As a follow-up to my post on what I've learned over the years about hiring people, this is a similar list of what I've learned about training and onboarding people as you welcome them into your organization.
Many organizations reduce training to a pretty simple process ("here's the training manual, here's your trainer, go"), but I find it to be one of the most complicated and fascinating periods in someone's life with an organization. The initial days, weeks of someone's employment (or, in a not-for-profit context, someone's time volunteering or serving on a board) are highly influential in shaping the experience they're going to have in the long run, and the work they're going to do.
It's a time when they start to reconcile their "outsider" impressions of what you do and how you do it with what they see as a new "insider" with fresh perspective. It's where any idealism and over-simplification that happens during the hiring process runs up against the nuances of internal processes and the texture of individual co-worker personalities. Training can prompt many moments of truth about the new person's image of themselves as a part of your organization: "do I belong here?" "are they going to like me?" "can I live up to hopes/expectations?"
From the perspective of the people doing the training, then, I think successful training is a careful balance between providing enough structure to properly educate and acclimate the new person to your organization while also allowing enough freedom and flexibility to accommodate their learning style, pace, interests and questions - especially the "why are you doing it this way when you could do it this other way?" ones.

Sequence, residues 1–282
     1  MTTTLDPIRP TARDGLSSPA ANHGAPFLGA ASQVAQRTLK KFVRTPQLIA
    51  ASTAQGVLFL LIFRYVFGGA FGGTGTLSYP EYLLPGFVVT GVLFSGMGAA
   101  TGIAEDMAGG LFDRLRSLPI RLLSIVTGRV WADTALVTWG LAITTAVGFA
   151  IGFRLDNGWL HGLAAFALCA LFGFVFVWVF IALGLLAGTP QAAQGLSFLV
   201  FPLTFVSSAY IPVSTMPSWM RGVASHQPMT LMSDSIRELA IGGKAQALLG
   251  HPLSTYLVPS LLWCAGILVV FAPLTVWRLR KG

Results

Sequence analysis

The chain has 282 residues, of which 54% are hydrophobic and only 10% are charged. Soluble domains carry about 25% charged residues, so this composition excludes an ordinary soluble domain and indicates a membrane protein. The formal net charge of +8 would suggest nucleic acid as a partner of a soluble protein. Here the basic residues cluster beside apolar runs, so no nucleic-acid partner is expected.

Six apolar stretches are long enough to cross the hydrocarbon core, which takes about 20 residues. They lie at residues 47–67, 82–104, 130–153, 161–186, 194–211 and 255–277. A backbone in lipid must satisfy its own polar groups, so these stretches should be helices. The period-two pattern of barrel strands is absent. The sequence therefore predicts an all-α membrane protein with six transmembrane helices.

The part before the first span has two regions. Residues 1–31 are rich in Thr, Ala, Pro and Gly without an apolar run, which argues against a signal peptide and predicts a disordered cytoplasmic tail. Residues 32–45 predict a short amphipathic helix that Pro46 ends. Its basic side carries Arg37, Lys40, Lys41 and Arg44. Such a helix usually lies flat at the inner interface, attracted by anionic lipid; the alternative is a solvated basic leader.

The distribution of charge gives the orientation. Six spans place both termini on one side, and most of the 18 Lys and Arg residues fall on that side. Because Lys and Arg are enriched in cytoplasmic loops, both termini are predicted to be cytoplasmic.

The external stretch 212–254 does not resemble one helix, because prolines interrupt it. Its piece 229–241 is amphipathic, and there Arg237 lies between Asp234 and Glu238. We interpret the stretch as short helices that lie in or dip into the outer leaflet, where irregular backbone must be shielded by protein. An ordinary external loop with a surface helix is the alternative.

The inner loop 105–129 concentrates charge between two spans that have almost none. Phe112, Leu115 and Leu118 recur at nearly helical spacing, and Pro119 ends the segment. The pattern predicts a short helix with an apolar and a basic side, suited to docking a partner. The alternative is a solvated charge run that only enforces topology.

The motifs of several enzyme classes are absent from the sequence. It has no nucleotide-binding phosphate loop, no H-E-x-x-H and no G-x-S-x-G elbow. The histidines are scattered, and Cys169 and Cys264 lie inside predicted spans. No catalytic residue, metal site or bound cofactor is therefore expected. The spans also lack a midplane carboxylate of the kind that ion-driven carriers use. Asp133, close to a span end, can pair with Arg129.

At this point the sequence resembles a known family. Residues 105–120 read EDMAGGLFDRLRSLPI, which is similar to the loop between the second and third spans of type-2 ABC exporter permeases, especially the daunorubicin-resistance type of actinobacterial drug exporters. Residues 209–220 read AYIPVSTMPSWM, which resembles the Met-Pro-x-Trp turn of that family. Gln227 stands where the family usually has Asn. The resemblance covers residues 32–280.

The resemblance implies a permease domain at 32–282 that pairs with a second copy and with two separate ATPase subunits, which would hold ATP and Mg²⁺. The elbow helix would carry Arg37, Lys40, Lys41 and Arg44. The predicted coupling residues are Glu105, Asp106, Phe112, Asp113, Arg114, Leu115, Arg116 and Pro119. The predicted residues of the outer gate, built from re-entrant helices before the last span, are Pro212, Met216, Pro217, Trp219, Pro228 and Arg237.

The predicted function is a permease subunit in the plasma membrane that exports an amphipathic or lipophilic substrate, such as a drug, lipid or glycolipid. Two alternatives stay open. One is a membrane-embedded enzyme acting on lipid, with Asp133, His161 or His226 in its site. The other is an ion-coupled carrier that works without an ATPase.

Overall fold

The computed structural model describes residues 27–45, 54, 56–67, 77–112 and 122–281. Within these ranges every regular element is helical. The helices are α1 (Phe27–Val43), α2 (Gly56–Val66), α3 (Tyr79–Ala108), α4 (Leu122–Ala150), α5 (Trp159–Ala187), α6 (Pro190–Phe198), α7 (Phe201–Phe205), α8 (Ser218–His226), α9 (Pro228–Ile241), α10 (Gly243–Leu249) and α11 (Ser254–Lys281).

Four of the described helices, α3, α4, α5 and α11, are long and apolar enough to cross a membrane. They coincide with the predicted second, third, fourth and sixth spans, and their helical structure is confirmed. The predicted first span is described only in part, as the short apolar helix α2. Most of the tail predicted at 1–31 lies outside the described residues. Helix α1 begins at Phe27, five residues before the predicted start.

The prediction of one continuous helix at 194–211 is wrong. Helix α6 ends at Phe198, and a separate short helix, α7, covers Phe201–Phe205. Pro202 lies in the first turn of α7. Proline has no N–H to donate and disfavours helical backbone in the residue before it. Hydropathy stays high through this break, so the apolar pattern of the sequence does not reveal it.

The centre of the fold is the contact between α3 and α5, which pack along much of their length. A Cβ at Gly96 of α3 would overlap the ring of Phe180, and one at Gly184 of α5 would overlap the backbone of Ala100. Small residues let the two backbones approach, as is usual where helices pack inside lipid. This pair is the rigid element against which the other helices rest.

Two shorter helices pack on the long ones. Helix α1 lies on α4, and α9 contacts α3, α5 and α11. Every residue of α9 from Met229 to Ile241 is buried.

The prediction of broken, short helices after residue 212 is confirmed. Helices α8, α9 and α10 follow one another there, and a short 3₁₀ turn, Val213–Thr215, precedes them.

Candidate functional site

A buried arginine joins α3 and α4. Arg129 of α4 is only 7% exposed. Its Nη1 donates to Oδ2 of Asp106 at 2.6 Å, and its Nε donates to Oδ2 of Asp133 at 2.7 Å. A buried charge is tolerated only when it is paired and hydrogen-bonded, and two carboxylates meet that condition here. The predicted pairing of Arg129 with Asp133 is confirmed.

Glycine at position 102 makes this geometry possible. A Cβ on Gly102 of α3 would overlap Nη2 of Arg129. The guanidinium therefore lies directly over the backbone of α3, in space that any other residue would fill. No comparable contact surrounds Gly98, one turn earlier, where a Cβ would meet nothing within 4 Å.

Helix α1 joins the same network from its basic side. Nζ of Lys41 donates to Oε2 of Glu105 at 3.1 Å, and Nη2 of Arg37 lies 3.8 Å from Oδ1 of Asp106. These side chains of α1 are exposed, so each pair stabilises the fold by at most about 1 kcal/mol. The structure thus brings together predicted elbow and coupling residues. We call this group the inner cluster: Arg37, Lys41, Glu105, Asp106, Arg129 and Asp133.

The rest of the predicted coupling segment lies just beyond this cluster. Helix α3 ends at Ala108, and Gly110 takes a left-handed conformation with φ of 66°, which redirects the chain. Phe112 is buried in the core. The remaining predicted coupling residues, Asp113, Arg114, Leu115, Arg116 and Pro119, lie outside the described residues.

Whatever you do, don't figure out training on the fly. Don't let it be a 100% self-directed experience in some hope that throwing someone fully into the deep end is the best way they'll learn. And don't underestimate the return on investment you'll get from an intentional, comprehensive approach to training.
As the process gets started, minimize assumptions. Communicate clearly and directly with the trainee (a word that feels a bit demeaning but is useful here) about every detail of their first moments as a part of your organization: where they should be at what time (and in what time zone, if you're a distributed team), in what medium the training will be conducted (in person, text chat, audio chat, video chat, in groups or one-to-one), how long the sessions will be, what they need to bring, and anything they need to do in advance. Give your trainee every opportunity to get past nervousness and make a great first impression by removing unnecessary vagueness in these critical first days.
Communicate expectations and set clear training goals. "Over the next X hours/days/weeks we're going to walk through everything from this to that. Your main trainer/mentor/buddy will be this person and they are your main point of contact for the process, ask them whatever you want. Here's the format we'll use, here are the materials we're going to cover, and here's a list of all the things we're going to touch on. Here's how we'll track your progress through this training, and here's what we expect from you at the end of the process." And then make sure all of this information is known to the wider team and company. Continue reading On training people